We’ll wrap up our visit Friday morning by hiking to see sculptures by Andy Goldsworthy.

Even with all of these items on our agenda, we won’t even scratch the surface of all the things to do and see and experience in this national park (yes, this place is a national park). And that’s exactly the point; the Presidio offers the variety of an all-in-one without making you feel like you’re missing out on something equally awesome nearby.

“The Resort” in the Presidio is everywhere—the components are related but entirely unique. Add to this variety a hearty dose of authenticity and years upon years of history and you’ve got the makings of a great family trip.

Free park time for fourth graders, families

Little R, enjoying some park time of her own.

Little R, enjoying some park time of her own.

The National Park Service today unveiled a new program through which fourth graders and their families can get one full year of free admission to U.S. National Parks, federal lands, and federal waters.

The program, (appropriately) titled the Every Kid in a Park initiative, aims to provide an opportunity for each and every fourth-grade student across the country to experience their public lands and waters in person throughout the 2015-2016 school year.

That means the program starts in August and September, depending on where your kids go to school.

According to literature, the initiative was conceptualized by President Obama himself as a call to action to get all children to visit and enjoy America’s unparalleled outdoors. Today, more than 80 percent of American families live in urban areas, and many lack easy access to safe outdoor spaces.  At the same time, kids are spending more time than ever in front of screens instead of outside.  A 2010 Kaiser Family Foundation study found that young people now devote an average of more than seven hours a day to electronic media use, or about 53 hours a week—more than a full time job.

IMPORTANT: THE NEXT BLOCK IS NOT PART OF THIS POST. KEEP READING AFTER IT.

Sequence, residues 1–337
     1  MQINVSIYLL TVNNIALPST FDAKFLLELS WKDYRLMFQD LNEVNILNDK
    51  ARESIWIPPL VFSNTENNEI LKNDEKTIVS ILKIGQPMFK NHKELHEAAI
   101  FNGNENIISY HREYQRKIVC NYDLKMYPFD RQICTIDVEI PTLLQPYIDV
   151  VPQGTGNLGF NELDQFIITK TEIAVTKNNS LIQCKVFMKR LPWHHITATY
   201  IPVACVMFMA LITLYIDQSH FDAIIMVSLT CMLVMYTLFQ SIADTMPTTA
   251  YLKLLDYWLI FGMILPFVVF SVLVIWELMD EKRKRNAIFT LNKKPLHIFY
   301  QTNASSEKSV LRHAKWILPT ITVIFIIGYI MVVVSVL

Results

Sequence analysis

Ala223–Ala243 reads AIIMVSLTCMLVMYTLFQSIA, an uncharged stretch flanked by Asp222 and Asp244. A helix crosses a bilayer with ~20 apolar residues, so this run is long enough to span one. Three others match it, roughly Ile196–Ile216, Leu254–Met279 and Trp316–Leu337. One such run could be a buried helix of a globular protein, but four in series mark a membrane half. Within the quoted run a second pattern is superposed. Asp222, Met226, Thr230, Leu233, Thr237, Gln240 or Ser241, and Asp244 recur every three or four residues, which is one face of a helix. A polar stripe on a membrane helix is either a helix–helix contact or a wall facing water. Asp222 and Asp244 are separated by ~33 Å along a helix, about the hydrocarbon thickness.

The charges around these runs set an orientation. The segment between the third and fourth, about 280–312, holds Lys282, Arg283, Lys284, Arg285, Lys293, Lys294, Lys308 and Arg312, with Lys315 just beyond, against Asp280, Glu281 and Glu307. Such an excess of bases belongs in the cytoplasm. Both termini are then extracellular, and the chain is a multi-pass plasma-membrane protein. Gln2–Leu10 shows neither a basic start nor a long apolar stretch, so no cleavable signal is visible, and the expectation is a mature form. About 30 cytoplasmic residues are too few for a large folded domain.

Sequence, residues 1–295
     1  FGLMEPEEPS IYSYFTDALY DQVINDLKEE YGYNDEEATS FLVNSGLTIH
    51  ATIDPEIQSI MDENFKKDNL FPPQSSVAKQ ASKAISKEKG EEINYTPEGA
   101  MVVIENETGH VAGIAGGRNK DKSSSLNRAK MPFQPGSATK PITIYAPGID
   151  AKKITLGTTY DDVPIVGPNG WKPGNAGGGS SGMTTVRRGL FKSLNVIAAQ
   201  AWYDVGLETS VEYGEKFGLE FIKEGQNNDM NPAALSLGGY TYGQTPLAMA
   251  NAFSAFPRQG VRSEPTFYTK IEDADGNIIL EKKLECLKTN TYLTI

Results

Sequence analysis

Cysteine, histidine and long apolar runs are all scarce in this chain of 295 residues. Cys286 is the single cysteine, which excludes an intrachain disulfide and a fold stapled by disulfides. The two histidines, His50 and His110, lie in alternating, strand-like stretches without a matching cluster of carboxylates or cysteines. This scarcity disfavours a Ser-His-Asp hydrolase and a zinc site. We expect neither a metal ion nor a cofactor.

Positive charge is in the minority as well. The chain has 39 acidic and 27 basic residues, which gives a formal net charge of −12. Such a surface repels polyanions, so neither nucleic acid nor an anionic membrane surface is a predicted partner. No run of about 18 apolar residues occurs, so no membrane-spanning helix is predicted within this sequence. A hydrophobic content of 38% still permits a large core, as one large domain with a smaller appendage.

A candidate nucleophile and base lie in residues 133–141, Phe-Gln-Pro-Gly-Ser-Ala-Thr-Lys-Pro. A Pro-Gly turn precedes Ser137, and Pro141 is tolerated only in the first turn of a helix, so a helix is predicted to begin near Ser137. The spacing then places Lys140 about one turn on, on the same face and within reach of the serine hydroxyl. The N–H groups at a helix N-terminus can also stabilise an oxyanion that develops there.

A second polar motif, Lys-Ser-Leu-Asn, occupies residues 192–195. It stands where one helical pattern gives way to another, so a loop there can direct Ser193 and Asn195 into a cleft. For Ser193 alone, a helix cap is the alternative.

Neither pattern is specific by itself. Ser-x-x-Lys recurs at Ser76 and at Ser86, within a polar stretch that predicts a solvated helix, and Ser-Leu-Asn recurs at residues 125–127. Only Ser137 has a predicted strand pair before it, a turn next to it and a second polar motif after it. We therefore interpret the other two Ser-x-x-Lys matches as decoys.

The new program also is part of a larger effort launched earlier this year. This effort—Open OutDoors for Kids—aims to expand nature programs for all children, especially kids who grow up in the inner city and may not otherwise have an opportunity to experience nature on their own.

(Through this latter program, you can donate money to help directly; every $10 helps one child.)